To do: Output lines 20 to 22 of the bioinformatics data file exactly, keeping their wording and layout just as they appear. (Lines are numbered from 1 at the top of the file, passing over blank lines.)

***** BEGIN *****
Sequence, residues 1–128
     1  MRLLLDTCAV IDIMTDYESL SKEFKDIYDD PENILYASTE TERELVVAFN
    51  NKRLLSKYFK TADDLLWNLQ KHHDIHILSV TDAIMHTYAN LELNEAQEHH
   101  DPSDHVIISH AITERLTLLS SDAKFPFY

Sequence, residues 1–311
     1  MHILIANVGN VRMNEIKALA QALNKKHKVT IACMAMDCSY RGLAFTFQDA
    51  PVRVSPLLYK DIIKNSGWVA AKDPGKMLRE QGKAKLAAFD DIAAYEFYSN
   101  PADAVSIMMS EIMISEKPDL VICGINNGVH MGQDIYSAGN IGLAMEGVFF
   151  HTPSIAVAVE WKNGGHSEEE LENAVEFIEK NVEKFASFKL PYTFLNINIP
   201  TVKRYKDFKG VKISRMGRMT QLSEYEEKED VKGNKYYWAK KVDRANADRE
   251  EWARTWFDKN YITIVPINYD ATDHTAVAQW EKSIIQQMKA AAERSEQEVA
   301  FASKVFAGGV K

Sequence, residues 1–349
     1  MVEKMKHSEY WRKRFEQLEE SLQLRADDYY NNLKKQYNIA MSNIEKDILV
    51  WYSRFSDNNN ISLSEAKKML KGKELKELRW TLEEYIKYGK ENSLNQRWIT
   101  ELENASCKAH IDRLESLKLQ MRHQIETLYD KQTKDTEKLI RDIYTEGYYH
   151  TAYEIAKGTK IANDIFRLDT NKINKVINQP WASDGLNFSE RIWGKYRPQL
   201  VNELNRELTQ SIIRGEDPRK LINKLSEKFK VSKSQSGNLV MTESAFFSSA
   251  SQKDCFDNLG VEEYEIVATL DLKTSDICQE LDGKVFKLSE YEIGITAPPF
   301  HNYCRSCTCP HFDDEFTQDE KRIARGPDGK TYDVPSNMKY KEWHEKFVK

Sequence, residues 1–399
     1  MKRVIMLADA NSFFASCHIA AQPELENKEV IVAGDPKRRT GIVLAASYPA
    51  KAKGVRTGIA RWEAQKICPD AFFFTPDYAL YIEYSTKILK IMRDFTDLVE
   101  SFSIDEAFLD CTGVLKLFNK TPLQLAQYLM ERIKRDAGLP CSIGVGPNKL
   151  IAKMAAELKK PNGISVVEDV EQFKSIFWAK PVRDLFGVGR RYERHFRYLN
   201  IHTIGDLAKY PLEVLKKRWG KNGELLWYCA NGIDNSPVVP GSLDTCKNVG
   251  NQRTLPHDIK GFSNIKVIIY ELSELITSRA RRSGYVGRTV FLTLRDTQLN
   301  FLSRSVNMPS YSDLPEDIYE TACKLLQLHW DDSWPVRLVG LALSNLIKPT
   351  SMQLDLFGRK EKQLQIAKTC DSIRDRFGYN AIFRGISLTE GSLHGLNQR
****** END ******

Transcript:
   301  HNYCRSCTCP HFDDEFTQDE KRIARGPDGK TYDVPSNMKY KEWHEKFVK

Sequence, residues 1–399
     1  MKRVIMLADA NSFFASCHIA AQPELENKEV IVAGDPKRRT GIVLAASYPA